But on the other hand, P(???) may have left the update with less than the full 11.11%, and/or it may have an EV contribution much greater than zero. For example, ??? could be composed entirely of events where the security concern was valid but easily patched (let’s say that outcome causes an average price of $18), and could have updated such that we have a 45%/45%/10% Valid/Invalid/??? posterior: in that case, the EV-maximising choice would be to hold.
Luckily, Amy discovers a second piece of evidence: an event which would have happened with 1/5 probability if the concern were valid, but 4/5 probability if it were not. For convenience’s sake, she starts from the pre-normalised posterior from the last update.
Valid : Invalid : ???
0.2*1/5 : 0.2*4/5 : [0 to 0.05]*[0 to 1]
0.04 : 0.16 : [0 to 0.05]
Which normalises to:
P(Valid): 20% to 16%
P(Invalid): 80% to 64%
P(???): 0% to 20%
Even if ??? predicted a 100% chance of the results of both experiments, and predicted the value of the coin would drop to 0, Amy could still be confident she should hold: 0.16*$4 + 0.64*$20 + 0.2*$0 = $13.44, which is again greater than the $12 she could sell for.
Note the asymmetry: in the presence of limited downside and unlimited upside, the method can tell you which risks you should definitely take, but never which you should definitely eschew. (Similarly, in a domain with limited upside and unlimited downside, the method would only be able to tell you what you definitely shouldn’t do) Even if Amy’s first experiment had produced results that had a 90% chance of happening if the flaw were straightforwardly valid, and a 10% chance if it were not, she still couldn’t be certain she could sell.
Valid : Invalid : ???
0.25*0.9 : 0.7*0.1 : 0.05*[0 to 1]
0.225 : 0.025 : [0 to 0.05]
P(Valid): 90% to 75%
P(Invalid): 10% to 8.33%
P(???): 0% to 16.66%
In this scenario, it is obvious that the sensible answer is to sell. However, Amy cannot be certain of this, since ??? could have strictly implied the results of the test, and (for all we know) it could represent a tenfold increase in price. The best she can do after crunching the numbers is to work backwards, deriving the minimum value of ??? that would be needed for her to hold, and then see if it complies with common sense.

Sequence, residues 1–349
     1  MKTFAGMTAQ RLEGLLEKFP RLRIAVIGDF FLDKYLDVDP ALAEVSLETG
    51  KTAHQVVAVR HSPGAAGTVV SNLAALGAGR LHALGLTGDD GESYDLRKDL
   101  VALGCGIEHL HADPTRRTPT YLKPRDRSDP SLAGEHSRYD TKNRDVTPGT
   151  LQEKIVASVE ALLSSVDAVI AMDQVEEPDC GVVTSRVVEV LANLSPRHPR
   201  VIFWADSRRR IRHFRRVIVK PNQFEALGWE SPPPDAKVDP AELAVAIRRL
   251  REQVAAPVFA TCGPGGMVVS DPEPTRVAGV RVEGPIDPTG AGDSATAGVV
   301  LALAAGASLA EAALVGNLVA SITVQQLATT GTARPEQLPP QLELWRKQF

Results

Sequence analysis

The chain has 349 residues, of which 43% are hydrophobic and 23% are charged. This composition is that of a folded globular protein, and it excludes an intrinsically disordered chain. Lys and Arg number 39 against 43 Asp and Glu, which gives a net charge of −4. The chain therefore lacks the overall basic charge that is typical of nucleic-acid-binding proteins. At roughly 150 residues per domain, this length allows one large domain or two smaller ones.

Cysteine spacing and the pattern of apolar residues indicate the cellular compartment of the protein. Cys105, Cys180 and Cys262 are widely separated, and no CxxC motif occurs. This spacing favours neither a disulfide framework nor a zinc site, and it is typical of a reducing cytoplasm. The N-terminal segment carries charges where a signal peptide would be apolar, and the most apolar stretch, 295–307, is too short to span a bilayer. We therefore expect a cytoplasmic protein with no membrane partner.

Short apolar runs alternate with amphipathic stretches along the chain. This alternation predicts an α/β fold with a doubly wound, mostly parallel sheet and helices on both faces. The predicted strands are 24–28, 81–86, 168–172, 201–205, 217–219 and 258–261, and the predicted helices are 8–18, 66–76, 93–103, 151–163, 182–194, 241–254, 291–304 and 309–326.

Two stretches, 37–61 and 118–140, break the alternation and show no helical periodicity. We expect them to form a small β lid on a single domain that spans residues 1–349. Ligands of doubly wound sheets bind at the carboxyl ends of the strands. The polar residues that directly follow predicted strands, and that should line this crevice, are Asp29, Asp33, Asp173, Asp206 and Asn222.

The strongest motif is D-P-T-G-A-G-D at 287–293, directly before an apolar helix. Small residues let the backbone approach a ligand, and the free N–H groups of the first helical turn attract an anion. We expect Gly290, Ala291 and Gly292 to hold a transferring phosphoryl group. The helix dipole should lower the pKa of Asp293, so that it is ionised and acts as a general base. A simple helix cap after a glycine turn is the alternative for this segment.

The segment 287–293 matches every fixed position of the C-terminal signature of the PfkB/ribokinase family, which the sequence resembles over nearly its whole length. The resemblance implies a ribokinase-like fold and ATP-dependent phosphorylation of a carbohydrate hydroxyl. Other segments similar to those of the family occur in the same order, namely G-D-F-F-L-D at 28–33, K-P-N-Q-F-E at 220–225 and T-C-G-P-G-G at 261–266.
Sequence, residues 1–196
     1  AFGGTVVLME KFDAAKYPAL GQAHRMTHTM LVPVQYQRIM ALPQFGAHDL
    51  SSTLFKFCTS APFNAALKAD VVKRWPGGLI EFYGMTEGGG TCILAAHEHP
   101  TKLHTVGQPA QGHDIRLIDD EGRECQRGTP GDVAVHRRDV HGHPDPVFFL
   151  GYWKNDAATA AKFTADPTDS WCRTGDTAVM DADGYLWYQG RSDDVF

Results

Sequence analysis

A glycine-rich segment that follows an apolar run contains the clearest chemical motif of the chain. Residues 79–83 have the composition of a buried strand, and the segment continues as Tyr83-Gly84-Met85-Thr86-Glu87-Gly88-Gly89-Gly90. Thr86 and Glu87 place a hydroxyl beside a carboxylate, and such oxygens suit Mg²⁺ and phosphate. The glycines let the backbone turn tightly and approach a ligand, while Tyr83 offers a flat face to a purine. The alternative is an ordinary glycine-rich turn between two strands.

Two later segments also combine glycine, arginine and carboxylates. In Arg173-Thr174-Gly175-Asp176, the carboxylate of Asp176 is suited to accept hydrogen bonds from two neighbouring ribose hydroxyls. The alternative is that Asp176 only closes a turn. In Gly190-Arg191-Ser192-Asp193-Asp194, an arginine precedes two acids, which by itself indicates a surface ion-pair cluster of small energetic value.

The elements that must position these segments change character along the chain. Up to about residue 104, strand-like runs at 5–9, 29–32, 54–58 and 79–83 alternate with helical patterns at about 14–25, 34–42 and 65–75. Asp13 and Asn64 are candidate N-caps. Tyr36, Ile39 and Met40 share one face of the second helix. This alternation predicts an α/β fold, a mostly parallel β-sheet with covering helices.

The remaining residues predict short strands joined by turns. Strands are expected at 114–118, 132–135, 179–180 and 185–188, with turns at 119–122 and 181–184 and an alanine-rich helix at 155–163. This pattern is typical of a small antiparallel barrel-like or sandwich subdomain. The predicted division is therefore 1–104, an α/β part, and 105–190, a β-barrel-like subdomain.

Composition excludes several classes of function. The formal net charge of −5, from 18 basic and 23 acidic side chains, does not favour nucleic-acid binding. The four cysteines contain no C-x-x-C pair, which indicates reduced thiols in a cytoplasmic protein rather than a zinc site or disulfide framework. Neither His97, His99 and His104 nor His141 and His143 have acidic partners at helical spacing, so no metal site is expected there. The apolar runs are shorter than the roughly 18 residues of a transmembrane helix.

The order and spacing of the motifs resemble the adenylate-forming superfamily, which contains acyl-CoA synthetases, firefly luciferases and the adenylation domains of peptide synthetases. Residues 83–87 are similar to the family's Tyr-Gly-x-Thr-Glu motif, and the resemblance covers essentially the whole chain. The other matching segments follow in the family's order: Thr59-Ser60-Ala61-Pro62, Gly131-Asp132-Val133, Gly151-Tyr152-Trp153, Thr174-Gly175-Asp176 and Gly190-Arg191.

If P(???) reaches its’ maximum of 0.1666, then the Expected Value of holding is 0.75*$4 + 0.0833*$20 + 0.1666*V(???) per coin, where V(???) is the average EV of the coin given ??? occurs. For this to exceed $12 (i.e., for it to become sensible to sell), we can find that V(???) would have to exceed $44, which is more than double the expected value of the coin assuming the security concern is straightforwardly invalid. Amy could justifiably decide that this is implausible, and therefore decide to sell.
There are several nontrivial implications of this method, which I briefly explain below.
Too much uncertainty breaks the math. All else being equal, you’re more likely to get a definite answer if you end with a small upper bound for P(???); and you’re more likely to end that way if you start with a small P(???).
Too much evidence breaks the math. You may have noticed how the upper bound of P(???) continued to creep up as Amy applied successive updates. I’m sorry to say this is an inherent consequence of the method.
Highly-specific evidence breaks the math. Relatedly: if Amy’s tests had been more specific, and produced outcomes which happen with O(0.05%) probability instead of O(50%) probability, P(???) would instantly have grown to dominate the distribution.
You need to be able to decide a priori what counts as evidence. Standard Bayesianism is robust to useless evidence. If you roll a die and flip a coin, but only look at the die, you can update your guess about the coin if you want to: P(Heads|6) = P(Heads) * P(6|Heads) / P(6). But per the first three points, every update grows the upper bound of P(???); and since ??? is undefined, it’s hard to say what is and isn’t irrelevant to a distribution containing it.
You probably need upper and/or lower bounds. Ideally both; without them, you need to rely on post-hoc wrangling of V(???).
You probably need to regularly get close to those bounds. I didn’t make Amy a crypto investor to be topical: she needed to be in a high-volatility field to produce a meaningful answer. If she’d been a regular investor, weighing a 61% chance of her stock going down by 0.4% vs a 37% chance of her stock going up by 0.8% vs a 2% chance of ???, the potential effects of ??? would have dominated, and the theoretical bound of “you can’t lose more money than you invest” would have been useless.
To sum up: the method allows us to overcome limited uncertainty when presented with limited evidence. It works best in contexts where outcomes have strong upper and lower bounds, and where the stakes are as high as they could plausibly be given those bounds. Obvious areas for application are high-uncertainty business decisions, existential risk, medicine and warfare.
With that in mind, I present the final limitation of the method:
It’s just something I made up and haven’t tried to use in real life yet. I’m presenting this as a curiosity and possible starting point, not a tried-and-tested strategy. Please don’t use my math to kill people or go bankrupt.